I feel compelled to respond to Bill Watters' letter of April 7 regarding Japanese internment during World War II. First, he seemed to have missed his history lessons as many of these internees were U.S. citizens. Second, if their "spartan" camps provided "medical and social" needs, it is because the internees had to build them from scratch. Third, upon their return they were not compensated. Most lost their homes (forced to sell before being forced to leave), their businesses, property and farms. I think Watters needs to visit Manzanar — a couple of hours' drive north on U.S. Highway 395 — and spend a few hours in its excellent museum and then tour the grounds. Look up at the guard tower, see the gates and visit the cemetery. It is a shameful period in American history. It is only made worse by people ignorant enough to believe that it was OK because "they returned," and somehow in some strange and convoluted way think that no human rights violations occurred.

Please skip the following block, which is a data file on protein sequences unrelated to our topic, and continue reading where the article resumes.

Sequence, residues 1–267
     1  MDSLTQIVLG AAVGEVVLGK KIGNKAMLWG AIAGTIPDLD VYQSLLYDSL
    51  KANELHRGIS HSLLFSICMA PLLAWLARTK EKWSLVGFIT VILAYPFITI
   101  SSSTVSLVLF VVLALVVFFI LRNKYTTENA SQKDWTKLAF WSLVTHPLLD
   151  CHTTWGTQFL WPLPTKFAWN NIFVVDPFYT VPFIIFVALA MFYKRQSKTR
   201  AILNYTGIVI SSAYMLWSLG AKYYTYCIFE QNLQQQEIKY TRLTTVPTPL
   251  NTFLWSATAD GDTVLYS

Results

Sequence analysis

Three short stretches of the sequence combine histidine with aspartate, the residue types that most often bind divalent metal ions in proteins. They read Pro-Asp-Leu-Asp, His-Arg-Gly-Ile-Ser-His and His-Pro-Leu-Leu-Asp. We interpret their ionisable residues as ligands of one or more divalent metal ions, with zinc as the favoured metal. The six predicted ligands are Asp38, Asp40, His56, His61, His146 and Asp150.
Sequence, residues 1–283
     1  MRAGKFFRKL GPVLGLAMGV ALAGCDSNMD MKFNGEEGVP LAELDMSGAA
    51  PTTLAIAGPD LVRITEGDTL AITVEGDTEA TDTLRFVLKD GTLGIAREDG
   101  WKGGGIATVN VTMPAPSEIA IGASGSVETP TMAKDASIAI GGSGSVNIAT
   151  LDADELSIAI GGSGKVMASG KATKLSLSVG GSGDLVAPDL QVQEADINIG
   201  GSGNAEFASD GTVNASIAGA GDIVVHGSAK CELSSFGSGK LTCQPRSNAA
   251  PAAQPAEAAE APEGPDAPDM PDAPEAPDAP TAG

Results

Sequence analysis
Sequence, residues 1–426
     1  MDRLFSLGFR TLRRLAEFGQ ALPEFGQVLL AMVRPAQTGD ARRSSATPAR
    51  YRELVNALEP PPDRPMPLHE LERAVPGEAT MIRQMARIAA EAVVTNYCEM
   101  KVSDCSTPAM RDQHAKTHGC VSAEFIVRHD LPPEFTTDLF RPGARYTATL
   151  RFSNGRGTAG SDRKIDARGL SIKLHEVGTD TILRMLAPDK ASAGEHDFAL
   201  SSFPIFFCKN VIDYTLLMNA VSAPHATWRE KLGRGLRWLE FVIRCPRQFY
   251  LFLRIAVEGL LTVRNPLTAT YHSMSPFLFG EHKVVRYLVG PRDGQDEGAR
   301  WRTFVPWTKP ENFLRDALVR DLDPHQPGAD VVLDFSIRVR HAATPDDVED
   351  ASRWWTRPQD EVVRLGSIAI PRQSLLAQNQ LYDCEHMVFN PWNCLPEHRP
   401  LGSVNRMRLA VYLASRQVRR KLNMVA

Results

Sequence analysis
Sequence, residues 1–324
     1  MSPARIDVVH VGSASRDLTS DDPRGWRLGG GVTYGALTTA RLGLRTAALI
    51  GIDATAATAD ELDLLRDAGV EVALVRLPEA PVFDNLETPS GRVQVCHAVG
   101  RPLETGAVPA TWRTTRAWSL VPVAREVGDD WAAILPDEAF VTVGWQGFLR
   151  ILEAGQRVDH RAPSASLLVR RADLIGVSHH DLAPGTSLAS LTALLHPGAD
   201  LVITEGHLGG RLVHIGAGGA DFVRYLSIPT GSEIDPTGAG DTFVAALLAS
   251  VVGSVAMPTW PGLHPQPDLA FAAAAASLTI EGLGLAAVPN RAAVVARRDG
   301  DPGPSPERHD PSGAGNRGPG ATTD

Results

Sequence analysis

I was one of the many children interned at Heart Mountain camp in September 1942. After being interned first at Santa Anita racetrack — yes, the horse racing track in Arcadia —-I was removed by train to Heart Mountain. I still remember the soldiers with fixed bayonets standing between each car to discourage prisoners from moving from car to car.